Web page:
As predator-prey interactions are inherently size-dependent, predator and prey body sizes are key to understanding their feeding relationships. To describe predator-prey size relationships (PPSRs) when predators can consume prey larger than themselves, we conducted field observations targeting three aquatic hemipteran bugs, and assessed their body masses and those of their prey for each hunting event. The data revealed that their PPSR varied with predator size and species identity, although the use of the averaged sizes masked these effects. Specifically, two predators had slightly decreased predator-prey mass ratios (PPMRs) during growth, whereas the other predator specialized on particular sizes of prey, thereby showing a clear positive size-PPMR relationship.We discussed how these patterns could be different from fish predators swallowing smaller prey whole.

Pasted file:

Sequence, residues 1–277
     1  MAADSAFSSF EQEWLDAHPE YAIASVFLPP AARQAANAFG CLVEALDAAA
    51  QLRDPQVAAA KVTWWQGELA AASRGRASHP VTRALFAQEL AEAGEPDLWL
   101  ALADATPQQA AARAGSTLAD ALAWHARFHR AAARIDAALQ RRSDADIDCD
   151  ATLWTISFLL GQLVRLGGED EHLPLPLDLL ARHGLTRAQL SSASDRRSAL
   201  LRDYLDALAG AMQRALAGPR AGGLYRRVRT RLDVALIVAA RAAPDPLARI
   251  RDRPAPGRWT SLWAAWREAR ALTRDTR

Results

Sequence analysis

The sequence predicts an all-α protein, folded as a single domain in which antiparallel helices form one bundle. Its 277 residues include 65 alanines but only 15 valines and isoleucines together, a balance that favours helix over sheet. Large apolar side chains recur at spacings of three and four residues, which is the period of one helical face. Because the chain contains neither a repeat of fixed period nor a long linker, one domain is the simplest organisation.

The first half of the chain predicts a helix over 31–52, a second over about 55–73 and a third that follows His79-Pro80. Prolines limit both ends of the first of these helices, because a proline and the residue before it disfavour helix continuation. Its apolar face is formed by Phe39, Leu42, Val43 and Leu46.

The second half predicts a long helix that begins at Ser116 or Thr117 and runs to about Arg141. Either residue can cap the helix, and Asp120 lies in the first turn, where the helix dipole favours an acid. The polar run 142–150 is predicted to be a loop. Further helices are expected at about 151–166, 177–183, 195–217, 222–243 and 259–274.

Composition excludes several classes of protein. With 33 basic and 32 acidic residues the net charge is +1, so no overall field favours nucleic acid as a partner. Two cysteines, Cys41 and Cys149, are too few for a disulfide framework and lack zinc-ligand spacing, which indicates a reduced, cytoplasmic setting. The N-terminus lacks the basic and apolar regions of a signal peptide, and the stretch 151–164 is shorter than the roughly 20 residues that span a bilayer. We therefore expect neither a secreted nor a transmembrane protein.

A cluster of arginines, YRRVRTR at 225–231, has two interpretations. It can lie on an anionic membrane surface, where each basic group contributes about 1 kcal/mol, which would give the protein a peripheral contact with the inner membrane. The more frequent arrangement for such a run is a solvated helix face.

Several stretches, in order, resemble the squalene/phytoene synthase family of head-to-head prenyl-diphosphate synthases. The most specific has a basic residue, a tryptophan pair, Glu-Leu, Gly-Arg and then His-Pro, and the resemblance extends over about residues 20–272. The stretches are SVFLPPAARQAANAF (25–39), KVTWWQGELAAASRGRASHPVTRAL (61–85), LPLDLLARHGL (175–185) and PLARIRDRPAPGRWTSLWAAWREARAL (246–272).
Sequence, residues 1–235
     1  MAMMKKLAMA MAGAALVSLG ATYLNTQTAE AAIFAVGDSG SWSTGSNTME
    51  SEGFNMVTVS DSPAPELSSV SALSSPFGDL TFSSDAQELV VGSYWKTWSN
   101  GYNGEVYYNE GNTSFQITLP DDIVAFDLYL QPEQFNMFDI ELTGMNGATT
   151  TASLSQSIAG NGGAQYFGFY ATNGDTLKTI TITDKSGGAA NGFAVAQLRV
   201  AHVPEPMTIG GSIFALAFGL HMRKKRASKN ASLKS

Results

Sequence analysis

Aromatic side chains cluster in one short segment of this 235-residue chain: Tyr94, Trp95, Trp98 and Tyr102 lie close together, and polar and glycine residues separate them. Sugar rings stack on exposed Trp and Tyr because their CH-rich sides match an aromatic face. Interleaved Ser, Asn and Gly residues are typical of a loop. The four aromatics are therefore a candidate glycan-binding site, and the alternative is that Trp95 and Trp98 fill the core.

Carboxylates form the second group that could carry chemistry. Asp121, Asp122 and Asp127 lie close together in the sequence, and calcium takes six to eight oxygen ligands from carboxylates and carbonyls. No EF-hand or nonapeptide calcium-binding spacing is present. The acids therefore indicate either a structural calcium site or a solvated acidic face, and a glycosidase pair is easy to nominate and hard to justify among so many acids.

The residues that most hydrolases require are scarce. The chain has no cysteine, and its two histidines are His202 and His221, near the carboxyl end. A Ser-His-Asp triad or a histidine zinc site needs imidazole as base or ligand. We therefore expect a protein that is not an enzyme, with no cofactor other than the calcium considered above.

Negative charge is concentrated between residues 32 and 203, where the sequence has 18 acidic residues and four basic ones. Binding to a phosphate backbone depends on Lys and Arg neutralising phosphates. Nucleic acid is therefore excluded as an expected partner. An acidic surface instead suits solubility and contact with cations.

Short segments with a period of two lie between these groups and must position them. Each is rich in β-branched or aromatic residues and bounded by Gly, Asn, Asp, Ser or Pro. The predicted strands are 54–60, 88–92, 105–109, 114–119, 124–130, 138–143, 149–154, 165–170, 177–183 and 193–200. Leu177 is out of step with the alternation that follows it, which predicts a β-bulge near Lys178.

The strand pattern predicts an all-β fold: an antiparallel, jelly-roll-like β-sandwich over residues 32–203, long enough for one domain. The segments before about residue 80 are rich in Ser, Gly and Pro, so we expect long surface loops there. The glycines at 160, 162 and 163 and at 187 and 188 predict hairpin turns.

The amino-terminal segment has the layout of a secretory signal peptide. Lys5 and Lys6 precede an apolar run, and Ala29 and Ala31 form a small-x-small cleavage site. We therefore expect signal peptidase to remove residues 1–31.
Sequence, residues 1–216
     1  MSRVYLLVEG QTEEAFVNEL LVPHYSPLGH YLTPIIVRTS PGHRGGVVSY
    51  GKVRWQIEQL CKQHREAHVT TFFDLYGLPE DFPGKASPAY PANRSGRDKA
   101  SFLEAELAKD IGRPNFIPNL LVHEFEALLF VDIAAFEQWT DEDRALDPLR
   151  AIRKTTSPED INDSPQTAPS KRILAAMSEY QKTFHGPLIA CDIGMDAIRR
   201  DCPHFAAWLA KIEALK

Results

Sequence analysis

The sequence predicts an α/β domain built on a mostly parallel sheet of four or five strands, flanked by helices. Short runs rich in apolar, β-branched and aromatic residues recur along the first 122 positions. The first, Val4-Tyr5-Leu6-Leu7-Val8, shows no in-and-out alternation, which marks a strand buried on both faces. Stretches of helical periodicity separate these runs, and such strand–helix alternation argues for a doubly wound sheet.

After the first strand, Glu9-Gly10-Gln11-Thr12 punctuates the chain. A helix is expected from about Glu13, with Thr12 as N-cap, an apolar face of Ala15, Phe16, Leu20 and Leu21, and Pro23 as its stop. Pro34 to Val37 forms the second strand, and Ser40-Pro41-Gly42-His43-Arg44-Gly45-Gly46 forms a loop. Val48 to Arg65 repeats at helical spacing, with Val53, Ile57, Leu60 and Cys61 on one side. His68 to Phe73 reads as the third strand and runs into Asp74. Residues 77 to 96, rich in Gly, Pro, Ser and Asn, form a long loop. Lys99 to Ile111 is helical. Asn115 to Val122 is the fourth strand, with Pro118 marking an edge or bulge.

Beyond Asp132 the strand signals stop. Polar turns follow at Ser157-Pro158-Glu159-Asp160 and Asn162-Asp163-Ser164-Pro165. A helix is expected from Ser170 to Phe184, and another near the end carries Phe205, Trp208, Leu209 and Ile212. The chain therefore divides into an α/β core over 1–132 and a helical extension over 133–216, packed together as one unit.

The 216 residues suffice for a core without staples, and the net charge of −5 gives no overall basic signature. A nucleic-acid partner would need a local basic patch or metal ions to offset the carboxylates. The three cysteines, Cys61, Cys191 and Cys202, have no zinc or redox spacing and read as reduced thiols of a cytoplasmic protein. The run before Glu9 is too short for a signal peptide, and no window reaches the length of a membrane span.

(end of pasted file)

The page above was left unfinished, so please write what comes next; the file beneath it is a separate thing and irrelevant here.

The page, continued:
All Science Journal Classification (ASJC) codes
- Agricultural and Biological Sciences (miscellaneous)
- Agricultural and Biological Sciences(all)